Often, people will expose themselves to a diet that will dramatically assist them in losing excessive weight only to have the weight return. Setting a realistic agenda for weight-loss is a rational, thoughtful approach. A slow, gradual loss of weight helps us to more easily adjust to the psychological ramifications of body perception change. Weight-loss goals need to be established because we prefer the change, not because others want it for us. Feeling coerced to change, or sensing that others acceptance of us is conditional upon weight-loss will lead to resentment and a feeling of helplessness in our quest to change. Instead, we must vow to learn the difference between self-indulgence and self-respect and work to put self-kindness into our everyday experience and choose our relationships based upon these positive qualities.

Weight loss is about majoring in the majors. It’s not about how you “butter your bread.” It’s about feeling good, getting out of self-blame, planning goals, changing one’s life style, setting personal boundaries and getting involved. People who are unhappy with their life are more likely to self-indulge, to be compulsive and obsessive, and carry out other self-defeating behaviors as a means to ward off psychic pain.

Making the courageous efforts to lose weight calls for a radical transformation in one’s thinking. Because we are humans, we may all relapse, but the changes we make in our life can be imbedded in a new life style when we give ourselves personal permission to change.

There are no secrets to losing weight. It would be nice if there were a quick fix. But like almost all struggles in life, this, too, takes hard work and commitment. From childhood, we are conditioned to believe that the only way we can change is when we are coerced. Therefore, we learn to mistrust our instincts. Without exploring the psychological issues that may be triggering weight problems, most people will be doomed to repeat a pattern of self-defeating behavior. We must understand that we are more than the pleasure center of our brain. We are much more than the darkest side of our soul. Many may say that if I am not intolerant of my mistakes, how will I learn to motivate myself to change? However, real change only occurs when we learn to respect and value who we are.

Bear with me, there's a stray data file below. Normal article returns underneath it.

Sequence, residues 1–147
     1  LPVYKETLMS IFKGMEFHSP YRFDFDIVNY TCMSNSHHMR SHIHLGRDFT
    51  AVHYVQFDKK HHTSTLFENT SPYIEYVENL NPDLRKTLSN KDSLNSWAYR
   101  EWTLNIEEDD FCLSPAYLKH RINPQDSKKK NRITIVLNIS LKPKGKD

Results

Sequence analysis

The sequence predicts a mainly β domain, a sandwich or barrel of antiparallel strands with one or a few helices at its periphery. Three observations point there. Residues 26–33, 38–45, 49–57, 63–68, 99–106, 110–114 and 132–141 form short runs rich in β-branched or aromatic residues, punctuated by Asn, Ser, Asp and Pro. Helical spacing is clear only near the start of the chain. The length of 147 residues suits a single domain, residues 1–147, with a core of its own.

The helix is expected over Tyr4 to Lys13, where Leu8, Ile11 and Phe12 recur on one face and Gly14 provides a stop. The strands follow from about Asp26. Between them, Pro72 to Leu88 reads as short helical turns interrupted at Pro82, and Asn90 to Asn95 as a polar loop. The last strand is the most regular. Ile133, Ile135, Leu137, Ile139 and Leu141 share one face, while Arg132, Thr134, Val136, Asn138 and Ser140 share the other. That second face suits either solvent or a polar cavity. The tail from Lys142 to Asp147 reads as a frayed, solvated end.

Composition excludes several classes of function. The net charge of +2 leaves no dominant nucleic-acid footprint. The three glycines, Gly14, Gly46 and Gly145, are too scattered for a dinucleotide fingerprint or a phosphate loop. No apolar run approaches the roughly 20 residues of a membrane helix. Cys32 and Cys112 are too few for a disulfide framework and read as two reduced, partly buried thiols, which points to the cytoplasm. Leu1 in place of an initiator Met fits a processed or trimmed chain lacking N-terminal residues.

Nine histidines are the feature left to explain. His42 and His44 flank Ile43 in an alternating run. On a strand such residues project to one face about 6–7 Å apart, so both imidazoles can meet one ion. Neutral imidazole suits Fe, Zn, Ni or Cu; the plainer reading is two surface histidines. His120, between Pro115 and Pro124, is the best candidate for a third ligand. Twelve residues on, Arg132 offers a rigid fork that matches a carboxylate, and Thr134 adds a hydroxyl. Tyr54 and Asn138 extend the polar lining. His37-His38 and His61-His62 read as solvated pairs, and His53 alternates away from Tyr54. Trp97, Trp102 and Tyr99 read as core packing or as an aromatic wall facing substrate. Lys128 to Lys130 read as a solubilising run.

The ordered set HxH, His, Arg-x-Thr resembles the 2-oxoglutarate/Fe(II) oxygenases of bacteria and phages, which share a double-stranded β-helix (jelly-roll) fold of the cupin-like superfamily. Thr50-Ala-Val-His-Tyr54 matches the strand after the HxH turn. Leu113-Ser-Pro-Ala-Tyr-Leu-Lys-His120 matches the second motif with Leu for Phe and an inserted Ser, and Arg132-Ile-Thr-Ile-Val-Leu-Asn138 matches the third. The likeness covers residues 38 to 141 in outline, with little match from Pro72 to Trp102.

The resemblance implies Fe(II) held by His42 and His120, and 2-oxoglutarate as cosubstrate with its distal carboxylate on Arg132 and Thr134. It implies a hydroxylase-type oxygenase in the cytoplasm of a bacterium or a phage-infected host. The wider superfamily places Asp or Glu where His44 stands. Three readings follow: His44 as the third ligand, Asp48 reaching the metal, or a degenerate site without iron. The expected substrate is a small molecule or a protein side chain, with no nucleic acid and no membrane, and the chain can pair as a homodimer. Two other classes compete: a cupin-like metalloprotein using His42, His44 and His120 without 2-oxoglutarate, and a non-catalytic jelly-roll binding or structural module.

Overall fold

Author's Bio: 

James P. Krehbiel, Ed.S., LPC, CCBT, received his counseling training at Northern Illinois University. James is a Licensed Professional Counselor and Nationally Certified Cognitive-Behavioral Therapist. He currently works as a private practice consular and Scottsdale, Arizona. He utilizes a cognitive-behavioral approach in dealing with patients with anxiety-related and depressive disorders. James has worked in the field of education, including counselor education and therapy. He worked as a teacher and guidance counselor in schools in Illinois and Arizona and has taught graduate-level counselor education courses for Chapman University of California. In 1999, he received the Educator of the Year Award from the Sun Lakes Rotary for his contribution to the Chandler, Arizona School District. He is a Member of the American Mental Health Counselors Association and the National Association of Cognitive-Behavioral Therapists.

James has written numerous articles on a variety of counseling-related topics, all available via Google searches. His first book, Stepping Out of the Bubble: Reflections on the Pilgrimage of Counseling Therapy is available at booklocker.com. He is currently the Shrink Rap columnist with The Improper, New York’s upscale arts, entertainment and lifestyle Web magazine. He is currently in the publishing process for his second work entitled, It Never Was About You: Saying Goodbye to the Magical Illusions of Childhood. James is married and has four children and four grandchildren.